Was I angry at God? No, how could I be angry at something that did not exist. I know that for some people, even non-religious people, times like these would cause them to try praying to god. It didn’t even cross my mind.
I was angry at life. I had sacrificed so many years just caring for my kids, trying to make their lives better, but realizing that was an impossibility in the situation in which we found ourselves. Their father was a music minister at a cultish church which laid all of its hopes for their “prophetic calling” to come to fruition on his music. It was a perfect match really. All he wanted was to be onstage and to have people tell him what a great musician and singer he was. All they wanted was an excellent musician willing to work for almost free.
For 13 grueling years he climbed the ladder from making $100 per week (before taxes, oh and tithes) to $400 per week. That’s a top salary of $20,800. I worked on the side as much as I could while raising the children (three were born during those years). I was a night shift waitress at a truck stop, a Sonic Drive-In server, a housekeeper, a soccer referee, a horseback riding instructor and a horse breeder and trainer. I also started a pony party business and horse drawn carriage service. Still my “husband” would be angry when all of the money was gone, blaming me for mismanagement.
According to the teachings of our church, er, cult, the woman was to be the keeper at home, caring for all things related to children and household duties. Even if she took work outside the home, she should not expect help from the leader of the home.
I had done everything “god” said. I had tried to please everyone. I had tried to follow all of the rules. I had tried to be the humble and devoted keeper at home. According to the rule book, this was the way to live. But I realized those four statements were simply the four walls of my cell.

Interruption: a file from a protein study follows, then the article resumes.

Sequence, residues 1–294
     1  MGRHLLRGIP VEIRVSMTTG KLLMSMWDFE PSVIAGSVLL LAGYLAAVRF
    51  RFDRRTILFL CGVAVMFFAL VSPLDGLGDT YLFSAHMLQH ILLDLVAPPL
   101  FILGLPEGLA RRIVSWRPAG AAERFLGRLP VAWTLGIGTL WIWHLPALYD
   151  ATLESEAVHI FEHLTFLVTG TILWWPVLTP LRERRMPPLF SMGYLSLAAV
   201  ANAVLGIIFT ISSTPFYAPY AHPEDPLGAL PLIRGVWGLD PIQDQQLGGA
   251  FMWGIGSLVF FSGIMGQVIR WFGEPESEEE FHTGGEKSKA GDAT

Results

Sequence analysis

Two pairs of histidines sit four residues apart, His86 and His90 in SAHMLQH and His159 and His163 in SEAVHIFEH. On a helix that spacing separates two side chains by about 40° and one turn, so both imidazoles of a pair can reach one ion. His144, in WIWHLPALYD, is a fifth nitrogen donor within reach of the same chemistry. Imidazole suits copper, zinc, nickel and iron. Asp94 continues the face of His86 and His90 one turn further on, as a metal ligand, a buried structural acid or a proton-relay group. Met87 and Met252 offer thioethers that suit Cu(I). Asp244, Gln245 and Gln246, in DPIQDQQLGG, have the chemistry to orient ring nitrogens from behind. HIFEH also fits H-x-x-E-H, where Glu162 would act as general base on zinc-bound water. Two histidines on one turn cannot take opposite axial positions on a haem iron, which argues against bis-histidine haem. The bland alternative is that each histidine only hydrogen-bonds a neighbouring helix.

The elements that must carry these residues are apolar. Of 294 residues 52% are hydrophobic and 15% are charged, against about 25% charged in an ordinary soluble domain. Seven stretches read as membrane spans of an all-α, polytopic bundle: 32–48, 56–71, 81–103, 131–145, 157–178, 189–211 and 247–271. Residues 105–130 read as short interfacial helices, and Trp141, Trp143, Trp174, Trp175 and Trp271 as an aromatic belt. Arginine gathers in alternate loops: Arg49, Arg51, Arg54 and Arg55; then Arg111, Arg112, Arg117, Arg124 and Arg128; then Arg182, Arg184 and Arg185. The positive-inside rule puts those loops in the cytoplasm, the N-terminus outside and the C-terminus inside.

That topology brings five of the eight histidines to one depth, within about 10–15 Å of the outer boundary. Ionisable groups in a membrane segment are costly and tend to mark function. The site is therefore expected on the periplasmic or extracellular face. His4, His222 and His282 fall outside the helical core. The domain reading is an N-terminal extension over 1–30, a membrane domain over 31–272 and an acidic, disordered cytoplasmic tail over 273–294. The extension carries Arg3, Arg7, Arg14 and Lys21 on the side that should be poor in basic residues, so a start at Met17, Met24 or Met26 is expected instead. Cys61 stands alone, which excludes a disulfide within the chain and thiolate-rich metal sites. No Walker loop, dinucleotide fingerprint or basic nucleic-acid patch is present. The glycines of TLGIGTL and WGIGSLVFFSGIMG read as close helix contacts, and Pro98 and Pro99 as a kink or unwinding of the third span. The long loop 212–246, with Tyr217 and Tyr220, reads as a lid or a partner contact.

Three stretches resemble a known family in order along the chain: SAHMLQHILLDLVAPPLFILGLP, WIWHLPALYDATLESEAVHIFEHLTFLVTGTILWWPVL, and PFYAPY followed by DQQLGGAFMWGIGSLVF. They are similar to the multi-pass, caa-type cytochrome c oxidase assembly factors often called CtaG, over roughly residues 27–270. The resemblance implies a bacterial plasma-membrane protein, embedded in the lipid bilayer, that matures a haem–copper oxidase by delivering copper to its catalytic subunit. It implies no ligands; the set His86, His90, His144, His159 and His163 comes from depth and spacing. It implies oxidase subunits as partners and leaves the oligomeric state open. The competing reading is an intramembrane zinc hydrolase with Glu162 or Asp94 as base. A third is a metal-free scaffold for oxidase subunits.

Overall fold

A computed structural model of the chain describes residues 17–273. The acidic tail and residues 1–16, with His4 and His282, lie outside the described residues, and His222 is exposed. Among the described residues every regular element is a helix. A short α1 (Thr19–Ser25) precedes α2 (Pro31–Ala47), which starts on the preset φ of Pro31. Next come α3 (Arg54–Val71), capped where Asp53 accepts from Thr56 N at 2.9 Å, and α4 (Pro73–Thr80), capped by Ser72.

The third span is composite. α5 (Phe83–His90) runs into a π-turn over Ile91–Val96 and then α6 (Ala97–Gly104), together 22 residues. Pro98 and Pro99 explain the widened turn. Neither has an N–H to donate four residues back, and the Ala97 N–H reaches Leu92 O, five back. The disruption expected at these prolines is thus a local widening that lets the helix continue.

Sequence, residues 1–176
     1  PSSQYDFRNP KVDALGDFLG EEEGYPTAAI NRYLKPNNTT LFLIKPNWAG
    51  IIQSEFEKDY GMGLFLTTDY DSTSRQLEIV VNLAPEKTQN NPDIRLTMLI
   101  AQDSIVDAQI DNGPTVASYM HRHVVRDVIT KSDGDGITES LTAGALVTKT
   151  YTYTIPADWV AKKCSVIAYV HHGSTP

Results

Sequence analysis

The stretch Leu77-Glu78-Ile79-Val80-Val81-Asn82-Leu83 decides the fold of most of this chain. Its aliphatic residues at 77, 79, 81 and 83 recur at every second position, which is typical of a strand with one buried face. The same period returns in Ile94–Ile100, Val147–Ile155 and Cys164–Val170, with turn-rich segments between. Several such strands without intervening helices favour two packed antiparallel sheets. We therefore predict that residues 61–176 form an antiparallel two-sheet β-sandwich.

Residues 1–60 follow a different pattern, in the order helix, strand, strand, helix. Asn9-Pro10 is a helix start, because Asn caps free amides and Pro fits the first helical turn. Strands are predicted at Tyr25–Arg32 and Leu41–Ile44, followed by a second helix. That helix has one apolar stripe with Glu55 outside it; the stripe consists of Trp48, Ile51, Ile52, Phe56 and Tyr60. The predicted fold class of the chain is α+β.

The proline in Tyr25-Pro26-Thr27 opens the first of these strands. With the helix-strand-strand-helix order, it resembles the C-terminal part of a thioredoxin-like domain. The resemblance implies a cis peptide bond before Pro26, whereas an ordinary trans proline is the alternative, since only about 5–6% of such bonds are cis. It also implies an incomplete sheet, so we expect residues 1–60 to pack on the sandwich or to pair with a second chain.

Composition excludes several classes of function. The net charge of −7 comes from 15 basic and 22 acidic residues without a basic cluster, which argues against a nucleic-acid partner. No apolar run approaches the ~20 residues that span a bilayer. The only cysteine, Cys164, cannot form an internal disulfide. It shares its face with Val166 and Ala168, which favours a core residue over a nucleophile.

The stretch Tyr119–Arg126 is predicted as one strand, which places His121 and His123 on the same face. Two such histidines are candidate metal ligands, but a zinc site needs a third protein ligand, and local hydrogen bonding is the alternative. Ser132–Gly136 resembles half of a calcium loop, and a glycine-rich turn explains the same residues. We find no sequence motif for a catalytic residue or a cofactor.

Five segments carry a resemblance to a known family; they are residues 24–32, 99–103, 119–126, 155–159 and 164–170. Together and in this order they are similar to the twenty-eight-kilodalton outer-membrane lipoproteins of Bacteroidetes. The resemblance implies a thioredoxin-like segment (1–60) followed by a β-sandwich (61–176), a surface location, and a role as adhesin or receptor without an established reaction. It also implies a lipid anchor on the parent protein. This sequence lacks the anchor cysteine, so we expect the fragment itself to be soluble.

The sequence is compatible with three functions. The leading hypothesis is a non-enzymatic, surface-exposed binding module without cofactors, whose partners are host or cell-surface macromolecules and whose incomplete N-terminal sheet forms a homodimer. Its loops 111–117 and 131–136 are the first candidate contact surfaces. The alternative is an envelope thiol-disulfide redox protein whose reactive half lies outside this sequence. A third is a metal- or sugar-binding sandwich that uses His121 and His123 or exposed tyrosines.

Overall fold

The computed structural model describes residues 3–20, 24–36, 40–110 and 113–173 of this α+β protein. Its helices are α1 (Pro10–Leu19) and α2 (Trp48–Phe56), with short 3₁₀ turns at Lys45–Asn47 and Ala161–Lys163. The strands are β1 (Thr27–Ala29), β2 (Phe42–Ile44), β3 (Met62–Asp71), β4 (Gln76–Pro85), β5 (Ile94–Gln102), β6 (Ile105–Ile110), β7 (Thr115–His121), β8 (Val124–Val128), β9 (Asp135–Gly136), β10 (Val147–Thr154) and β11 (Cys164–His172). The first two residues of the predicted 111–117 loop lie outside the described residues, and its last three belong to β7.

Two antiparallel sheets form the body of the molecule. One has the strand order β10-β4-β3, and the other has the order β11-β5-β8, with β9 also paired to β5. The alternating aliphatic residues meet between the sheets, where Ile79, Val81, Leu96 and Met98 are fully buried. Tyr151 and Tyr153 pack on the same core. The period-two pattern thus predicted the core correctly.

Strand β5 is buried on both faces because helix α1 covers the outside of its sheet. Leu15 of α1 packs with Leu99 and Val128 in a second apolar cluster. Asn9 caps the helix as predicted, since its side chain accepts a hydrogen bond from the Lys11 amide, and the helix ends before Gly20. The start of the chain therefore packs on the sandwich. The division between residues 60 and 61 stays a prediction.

I broke out. I realized “god” was not really there for me. I realized the rules had me trapped. I realized that pleasing other people, while it has merit in many situations, could not be my default. I realized that the version of “keeper at home” I had been taught was “god’s” way was just a polite way of using me.
I went back to college, got a degree and got a job. Once I had the job, I could support myself and the kids and file for a divorce. I finally had reached that long-awaited destination, that start at a new life and now what? Now I may have some kind of cancer and may not be able to see my children through to adulthood? Would they go back into the care of their father who would teach them misogyny and hatreds of other kinds? Don’t I get some good karma for striving to pull myself and my children out of that and build a better life for us?
The biopsy was clean. It was not cancerous. I am eligible for a new vaccination for HPV for women of my age. I had been too old for the original vaccination when it came out. I suppose there was a bit of good karma for me after all.
I am grateful for a new perspective on life. I am grateful that life after my escape from my cell has been continually improving for me and for my children. I have an amazing husband and partner in life who is guiding me in finding the freedom to find me, to find who I am. My boys have an excellent example of kindness and tolerance, but enough of a firm hand to keep them out of harm's way and on a path to success.
I have space and freedom and the world is a wondrous place full of mystery and intrigue! It is so much better than my prion cell.